The Niagara Gorge and its network of paths are popular among Niagara Falls residents. The tremendous power of the Niagara River's waters has resulted in a scenery that is a touch more spectacular than the usual riverside. Looking across the river from the Canadian town of Niagara Falls to the American side is a terrific way to examine the varied colored strata of rock, clay, and fossils.
Geography And Geology Of The Niagara Gorge
The Niagara Gorge is an 11-kilometer-long gorge that divides Canada and the United States, carved out by the great Niagara River thousands of years ago. It stretches 11 kilometers (6.8 miles) north of Niagara Falls. Niagara Falls empties into Niagara Gorge, where the cliffs reach almost 1,200 feet above the Niagara River. The Niagara Gorge runs from Horseshoe Falls to the end of the Niagara Escarpment at Queenston Heights.
The peak of the Horseshoe Falls is thought to have been placed where the Niagara Gorge began about 13,000 years ago. Because of the Niagara River's erosion, the falls have gradually shifted upstream! It is no surprise that 20 percent of the world's freshwater flows at 65 kilometers per hour! Engineers stepped in to reroute the water, decreasing erosion from 3 meters per year to 30 centimeters in a decade. The spectacular cliffs that form the Niagara Gorge are the consequence of the erosion of the Lockport dolomite. The canyon rock is a sequence of sedentary layers known as strata - hundreds of millions of years ago, diverse layers of clay, sludge, sand, and organic stuff were forced together to form pressured layers. The Niagara River, which originated from melting ice sheets after the Ice Age 18,000 years ago, essentially dug out many layers from the soil to construct its riverbed.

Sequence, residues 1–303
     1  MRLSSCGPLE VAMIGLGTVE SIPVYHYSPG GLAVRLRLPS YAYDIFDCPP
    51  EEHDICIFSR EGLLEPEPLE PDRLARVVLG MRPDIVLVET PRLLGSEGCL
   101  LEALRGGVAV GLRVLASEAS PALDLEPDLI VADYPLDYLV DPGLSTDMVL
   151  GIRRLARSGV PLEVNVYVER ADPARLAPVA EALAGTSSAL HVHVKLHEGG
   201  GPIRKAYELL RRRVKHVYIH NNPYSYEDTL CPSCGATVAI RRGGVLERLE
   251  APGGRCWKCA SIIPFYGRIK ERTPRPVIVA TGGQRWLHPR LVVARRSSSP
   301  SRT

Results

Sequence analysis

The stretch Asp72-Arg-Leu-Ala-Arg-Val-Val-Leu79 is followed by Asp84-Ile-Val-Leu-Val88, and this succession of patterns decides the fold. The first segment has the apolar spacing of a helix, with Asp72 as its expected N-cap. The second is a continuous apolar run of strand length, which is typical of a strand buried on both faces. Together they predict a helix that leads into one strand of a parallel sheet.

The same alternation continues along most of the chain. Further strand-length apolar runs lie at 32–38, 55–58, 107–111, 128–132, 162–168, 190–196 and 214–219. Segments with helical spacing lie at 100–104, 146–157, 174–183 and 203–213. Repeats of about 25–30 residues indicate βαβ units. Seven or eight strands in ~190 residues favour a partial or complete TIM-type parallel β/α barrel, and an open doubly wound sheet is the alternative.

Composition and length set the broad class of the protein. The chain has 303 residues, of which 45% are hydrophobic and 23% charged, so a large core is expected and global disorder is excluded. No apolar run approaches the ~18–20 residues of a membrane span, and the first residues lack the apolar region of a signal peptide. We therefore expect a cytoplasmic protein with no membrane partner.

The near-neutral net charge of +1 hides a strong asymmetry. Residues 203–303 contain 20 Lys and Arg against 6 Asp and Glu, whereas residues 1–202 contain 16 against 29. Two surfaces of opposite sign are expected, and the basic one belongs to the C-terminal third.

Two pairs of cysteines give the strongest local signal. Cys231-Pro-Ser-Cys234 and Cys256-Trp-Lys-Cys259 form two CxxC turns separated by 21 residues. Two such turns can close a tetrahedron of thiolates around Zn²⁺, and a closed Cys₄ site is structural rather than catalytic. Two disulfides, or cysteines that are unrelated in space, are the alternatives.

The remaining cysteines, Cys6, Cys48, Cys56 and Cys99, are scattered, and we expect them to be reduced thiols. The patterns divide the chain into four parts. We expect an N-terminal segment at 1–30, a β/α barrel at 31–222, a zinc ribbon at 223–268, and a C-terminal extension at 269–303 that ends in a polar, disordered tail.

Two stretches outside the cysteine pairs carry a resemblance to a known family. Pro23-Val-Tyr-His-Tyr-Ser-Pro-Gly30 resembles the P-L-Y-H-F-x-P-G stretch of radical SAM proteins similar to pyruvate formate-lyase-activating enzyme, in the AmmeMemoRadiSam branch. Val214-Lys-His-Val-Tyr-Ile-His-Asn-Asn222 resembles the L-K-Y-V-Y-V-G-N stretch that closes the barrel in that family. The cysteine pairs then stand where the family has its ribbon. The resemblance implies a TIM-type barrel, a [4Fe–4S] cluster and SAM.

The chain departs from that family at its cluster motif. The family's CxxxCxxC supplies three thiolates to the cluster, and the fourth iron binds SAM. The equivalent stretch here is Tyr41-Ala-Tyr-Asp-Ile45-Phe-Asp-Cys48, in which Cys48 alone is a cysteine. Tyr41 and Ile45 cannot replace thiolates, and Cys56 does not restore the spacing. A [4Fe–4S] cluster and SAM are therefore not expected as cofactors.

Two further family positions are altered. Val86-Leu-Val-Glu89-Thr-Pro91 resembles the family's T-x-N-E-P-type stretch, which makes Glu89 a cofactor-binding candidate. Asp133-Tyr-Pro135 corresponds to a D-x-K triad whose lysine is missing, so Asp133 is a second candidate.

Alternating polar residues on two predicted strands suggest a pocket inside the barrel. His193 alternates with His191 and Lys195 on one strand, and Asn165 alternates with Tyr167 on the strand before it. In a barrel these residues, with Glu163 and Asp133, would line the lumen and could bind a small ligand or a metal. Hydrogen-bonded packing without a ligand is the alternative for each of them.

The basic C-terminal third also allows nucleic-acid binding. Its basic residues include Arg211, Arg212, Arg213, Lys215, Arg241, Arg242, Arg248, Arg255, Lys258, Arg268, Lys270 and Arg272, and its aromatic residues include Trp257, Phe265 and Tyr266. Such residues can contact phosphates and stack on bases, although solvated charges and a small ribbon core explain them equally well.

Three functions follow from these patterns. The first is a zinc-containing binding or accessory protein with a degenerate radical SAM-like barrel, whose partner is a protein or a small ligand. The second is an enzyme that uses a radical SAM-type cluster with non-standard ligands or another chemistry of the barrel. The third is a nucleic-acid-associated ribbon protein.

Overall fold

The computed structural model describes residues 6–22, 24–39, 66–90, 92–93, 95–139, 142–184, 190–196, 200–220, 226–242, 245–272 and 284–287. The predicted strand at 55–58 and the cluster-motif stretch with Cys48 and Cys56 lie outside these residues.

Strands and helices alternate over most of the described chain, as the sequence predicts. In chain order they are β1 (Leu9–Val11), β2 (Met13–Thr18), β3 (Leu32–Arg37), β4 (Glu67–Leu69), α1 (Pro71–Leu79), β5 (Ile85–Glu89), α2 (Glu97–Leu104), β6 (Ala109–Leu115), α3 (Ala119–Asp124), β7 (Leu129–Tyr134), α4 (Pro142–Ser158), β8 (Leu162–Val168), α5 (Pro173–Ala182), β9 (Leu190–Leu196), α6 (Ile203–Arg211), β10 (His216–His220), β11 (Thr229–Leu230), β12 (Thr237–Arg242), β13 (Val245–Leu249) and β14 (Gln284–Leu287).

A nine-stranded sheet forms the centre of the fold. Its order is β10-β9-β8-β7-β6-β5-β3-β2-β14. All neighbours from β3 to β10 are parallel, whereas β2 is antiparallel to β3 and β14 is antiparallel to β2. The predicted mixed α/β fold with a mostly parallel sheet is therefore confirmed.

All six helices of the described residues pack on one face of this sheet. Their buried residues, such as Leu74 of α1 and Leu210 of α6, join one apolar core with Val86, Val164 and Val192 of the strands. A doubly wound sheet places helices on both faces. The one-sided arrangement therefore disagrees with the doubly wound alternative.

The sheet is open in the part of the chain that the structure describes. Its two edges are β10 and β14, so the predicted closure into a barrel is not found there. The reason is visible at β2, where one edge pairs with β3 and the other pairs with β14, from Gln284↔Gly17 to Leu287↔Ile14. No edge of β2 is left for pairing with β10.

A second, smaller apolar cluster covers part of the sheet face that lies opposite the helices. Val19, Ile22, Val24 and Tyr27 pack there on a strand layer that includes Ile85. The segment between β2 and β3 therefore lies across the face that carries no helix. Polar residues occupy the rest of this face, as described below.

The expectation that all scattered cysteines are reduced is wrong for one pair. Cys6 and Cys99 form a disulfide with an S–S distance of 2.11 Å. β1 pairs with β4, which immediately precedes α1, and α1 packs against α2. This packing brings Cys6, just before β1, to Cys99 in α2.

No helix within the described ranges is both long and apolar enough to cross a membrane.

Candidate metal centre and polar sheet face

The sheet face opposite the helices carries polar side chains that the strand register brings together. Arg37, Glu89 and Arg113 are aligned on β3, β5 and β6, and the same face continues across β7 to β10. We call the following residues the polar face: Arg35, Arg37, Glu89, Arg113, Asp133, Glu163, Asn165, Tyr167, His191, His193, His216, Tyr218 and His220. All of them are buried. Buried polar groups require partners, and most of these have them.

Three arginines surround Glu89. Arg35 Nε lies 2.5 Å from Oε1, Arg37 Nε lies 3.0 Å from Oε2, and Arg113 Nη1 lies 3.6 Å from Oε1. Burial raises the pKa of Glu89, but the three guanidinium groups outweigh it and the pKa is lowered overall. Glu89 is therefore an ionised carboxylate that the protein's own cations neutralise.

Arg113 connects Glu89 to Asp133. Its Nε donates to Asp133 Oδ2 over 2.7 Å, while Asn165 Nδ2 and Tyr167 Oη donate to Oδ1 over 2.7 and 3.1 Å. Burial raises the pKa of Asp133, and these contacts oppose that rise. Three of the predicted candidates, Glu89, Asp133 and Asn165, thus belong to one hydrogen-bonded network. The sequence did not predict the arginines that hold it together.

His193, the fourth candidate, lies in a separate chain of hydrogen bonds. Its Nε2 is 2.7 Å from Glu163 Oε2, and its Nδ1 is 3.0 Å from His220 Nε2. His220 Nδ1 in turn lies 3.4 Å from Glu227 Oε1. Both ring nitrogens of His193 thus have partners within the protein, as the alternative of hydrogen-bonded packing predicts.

Hiking Trails Along The Niagara Gorge
The greatest way to observe the geology of Niagara Gorge up close is to hike or walk along the 24 kilometers (15 miles) of hiking and walking trails that run along or near the gorge. Because they are so interwoven, you may hike a single leg, investigate a tiny isolated section (such as north of the whirlpool), or undertake the entire 11-kilometer journey from the falls to the end of the escarpment, which takes an entire afternoon.